I hate the word "hate" ..... but I really hate having my picture taken. I thought becoming a photographer would be great. Free pictures. No. I still have to be in them, and still have to get someone that can kind of make me look like a normal person. I let my 10 year old son take pictures of me today for a head shot because I wanted to do this post. It took about 8,726 pictures, and here's what we got from it. Not at all what I would have shot, but this is how he sees me (plus a bit of Photoshop on my part ... see, can't even let go...)
Growing up I was in a lot of photos. I guess my parents thought I was cute? I was even in some print ads, movie previews, and more. It was fun at the time. But then I grew up. I realized who I was. Or, actually, who I thought I was. Was it really me, or what I believed was me?
Who am I?
Who are you?
My mom hated having her picture taken. Even to this day, I have no recent pictures with her. The last picture I can recall with my mom was back when I was a toddler. My mom is turning only 58 this year.
And, well, here's our last picture together.
So, what would an insane, crazy person do? Well, well ..... this .....
BOOM! I now have a picture with my mom. And, because of this, she will probably disown me.
In my life group class at church on Sunday, we talked about what gets passed down from generation to generation. Well, I believe picture taking is one. I was never told to not have my picture taken. I was never told I wasn't good enough. I was never told I am ugly. I was never told I am fat. So why don't I like to have my picture taken? I don't know. Why do I think that I am not good enough? That I am ugly? That I am fat? Could it be because that's what I saw growing up? Accolades, yet hatred of photos? And is it my fault, or can I blame it on genes?
Well, both. I could blame it.... IF I wanted to. But I have 4 kids. Do I want to pass this crap to them? Heck no. I teach my kids to love each other, as well as themselves. I teach them to be kind and love everyone, no matter their differences. I teach them to love themselves no matter what, because God has already made them perfect, the way He wanted.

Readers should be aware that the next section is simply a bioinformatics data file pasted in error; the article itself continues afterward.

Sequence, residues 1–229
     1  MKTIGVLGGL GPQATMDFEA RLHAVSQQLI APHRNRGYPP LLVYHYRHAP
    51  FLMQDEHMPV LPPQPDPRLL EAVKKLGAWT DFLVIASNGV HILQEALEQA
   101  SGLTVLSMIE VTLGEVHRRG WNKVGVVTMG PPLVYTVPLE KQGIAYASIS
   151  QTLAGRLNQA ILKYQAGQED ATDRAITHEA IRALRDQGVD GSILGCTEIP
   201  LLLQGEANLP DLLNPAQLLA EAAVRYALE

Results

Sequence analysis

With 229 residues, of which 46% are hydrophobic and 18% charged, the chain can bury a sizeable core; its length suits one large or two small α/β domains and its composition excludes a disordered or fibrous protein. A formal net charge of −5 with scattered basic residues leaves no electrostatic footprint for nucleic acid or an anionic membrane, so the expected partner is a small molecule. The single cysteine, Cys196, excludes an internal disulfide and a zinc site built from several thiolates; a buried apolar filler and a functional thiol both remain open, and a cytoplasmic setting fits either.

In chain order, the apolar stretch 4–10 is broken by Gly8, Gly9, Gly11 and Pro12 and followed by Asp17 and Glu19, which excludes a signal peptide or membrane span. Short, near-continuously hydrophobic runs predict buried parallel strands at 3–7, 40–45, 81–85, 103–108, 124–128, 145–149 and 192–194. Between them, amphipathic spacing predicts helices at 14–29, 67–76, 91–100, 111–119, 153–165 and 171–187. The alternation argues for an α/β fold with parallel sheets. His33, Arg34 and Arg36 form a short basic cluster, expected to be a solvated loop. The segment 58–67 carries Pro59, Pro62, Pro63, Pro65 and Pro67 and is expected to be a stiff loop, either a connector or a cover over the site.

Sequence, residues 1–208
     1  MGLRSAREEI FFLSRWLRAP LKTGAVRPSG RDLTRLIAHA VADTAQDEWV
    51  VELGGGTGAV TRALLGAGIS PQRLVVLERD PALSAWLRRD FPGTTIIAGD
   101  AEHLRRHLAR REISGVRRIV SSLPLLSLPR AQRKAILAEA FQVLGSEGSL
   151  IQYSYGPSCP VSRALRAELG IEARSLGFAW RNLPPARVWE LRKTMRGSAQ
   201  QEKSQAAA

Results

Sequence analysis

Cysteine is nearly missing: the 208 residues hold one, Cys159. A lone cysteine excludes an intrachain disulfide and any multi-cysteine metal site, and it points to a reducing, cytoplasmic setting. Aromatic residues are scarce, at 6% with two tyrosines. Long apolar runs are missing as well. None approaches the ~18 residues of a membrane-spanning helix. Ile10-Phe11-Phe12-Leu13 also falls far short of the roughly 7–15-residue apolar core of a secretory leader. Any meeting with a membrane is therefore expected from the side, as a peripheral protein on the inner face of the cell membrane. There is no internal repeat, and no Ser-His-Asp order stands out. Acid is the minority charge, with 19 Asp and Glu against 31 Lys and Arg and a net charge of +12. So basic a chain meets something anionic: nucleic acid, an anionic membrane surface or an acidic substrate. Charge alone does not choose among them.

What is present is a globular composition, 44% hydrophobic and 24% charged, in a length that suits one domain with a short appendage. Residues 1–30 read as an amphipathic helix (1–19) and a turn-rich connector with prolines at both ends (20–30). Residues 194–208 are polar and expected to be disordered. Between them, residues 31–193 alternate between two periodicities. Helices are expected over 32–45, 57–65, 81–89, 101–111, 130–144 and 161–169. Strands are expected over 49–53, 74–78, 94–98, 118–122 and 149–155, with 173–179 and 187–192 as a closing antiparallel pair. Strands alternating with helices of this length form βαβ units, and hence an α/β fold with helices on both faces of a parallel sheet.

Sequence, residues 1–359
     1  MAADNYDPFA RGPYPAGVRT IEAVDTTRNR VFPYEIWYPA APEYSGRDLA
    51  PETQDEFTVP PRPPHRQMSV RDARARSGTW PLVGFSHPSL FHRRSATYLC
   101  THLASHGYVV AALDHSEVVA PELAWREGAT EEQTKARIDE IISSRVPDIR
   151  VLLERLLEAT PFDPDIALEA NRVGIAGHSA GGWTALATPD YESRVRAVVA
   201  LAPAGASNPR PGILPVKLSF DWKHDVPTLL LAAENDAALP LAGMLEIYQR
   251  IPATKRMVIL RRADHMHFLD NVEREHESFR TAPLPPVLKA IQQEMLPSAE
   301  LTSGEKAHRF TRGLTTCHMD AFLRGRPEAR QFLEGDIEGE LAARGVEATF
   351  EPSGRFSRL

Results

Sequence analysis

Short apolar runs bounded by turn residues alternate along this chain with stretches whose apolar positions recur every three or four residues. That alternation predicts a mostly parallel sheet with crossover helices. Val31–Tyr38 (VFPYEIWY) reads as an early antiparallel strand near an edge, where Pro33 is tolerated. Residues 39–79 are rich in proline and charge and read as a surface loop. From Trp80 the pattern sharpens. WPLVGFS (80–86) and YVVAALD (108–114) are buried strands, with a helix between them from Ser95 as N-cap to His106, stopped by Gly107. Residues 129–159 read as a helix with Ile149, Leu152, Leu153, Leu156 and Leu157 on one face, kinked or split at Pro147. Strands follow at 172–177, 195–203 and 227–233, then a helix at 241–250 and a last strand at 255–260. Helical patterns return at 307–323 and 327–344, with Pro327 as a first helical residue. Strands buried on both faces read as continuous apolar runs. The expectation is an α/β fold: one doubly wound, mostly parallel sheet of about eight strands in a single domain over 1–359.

But - monkey see monkey do. Right? If I talk bad about myself, and if I don't want pictures taken, what will my kids learn from that? We worry about our children, but are we passing on our issues to our children?
I need to embrace me.
You need to embrace you.
If we want this next generation to grow strong and confident, we need to love ourselves, so in turn, they can see to love themselves.
I implore you to stop.
Stop talking down to yourself. Stop hurting yourself. Stop thinking badly about yourself.
and .... START!
Start loving yourself. Start embracing yourself. Start being a light and an influence to your children. Start realizing that you have been made who you are for a reason. You were made perfect in His sight.
And as I type this, I am also talking to myself. I try so hard to not let my kids see these insecurities. I want to be strong. I want to be a role model. And, sadly, at the age of 34, I still want to feel pretty.
As I try to help myself, I want to challenge you to work on this with me. Get in the frame. Have pictures taken (NOT just selfies). Your kids see you as their parent. Their parent full of love. They don't see our imperfections.
And know this, when the Lord calls us home, none of this matters. Let's start learning to love so we have more time to live.
I am flying to Illinois the week. None of the above even matters the slightest. My grandpa's kidneys have shut down. He met with hospice today. I will be flying up there to say goodbye this week. He left me a message a few days ago telling me he loved me, and that he truly appreciated all of the letters and pictures that I have sent him. Friends, this. This is it. Nothing else matters. Get it right. Get it right with yourself. Get it right with your family. And get it right with Jesus.